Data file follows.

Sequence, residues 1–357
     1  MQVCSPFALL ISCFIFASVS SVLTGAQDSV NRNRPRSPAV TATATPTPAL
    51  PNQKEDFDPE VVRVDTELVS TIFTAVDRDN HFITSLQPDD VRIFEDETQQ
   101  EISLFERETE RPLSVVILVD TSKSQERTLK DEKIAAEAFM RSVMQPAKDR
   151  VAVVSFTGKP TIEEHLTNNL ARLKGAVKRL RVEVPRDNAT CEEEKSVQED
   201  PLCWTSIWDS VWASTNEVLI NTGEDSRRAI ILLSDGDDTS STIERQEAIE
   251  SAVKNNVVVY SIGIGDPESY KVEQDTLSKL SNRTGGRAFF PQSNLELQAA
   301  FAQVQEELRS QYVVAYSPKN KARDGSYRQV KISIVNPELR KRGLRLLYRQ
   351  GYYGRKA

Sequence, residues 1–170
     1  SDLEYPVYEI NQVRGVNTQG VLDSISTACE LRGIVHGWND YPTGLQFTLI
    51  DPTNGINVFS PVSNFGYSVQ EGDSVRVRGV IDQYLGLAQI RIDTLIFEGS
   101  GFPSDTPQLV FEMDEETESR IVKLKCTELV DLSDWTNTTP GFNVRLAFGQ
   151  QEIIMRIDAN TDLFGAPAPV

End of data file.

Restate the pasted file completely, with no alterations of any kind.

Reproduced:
Sequence, residues 1–357
     1  MQVCSPFALL ISCFIFASVS SVLTGAQDSV NRNRPRSPAV TATATPTPAL
    51  PNQKEDFDPE VVRVDTELVS TIFTAVDRDN HFITSLQPDD VRIFEDETQQ
   101  EISLFERETE RPLSVVILVD TSKSQERTLK DEKIAAEAFM RSVMQPAKDR
   151  VAVVSFTGKP TIEEHLTNNL ARLKGAVKRL RVEVPRDNAT CEEEKSVQED
   201  PLCWTSIWDS VWASTNEVLI NTGEDSRRAI ILLSDGDDTS STIERQEAIE
   251  SAVKNNVVVY SIGIGDPESY KVEQDTLSKL SNRTGGRAFF PQSNLELQAA
   301  FAQVQEELRS QYVVAYSPKN KARDGSYRQV KISIVNPELR KRGLRLLYRQ
   351  GYYGRKA

Sequence, residues 1–170
     1  SDLEYPVYEI NQVRGVNTQG VLDSISTACE LRGIVHGWND YPTGLQFTLI
    51  DPTNGINVFS PVSNFGYSVQ EGDSVRVRGV IDQYLGLAQI RIDTLIFEGS
   101  GFPSDTPQLV FEMDEETESR IVKLKCTELV DLSDWTNTTP GFNVRLAFGQ
   151  QEIIMRIDAN TDLFGAPAPV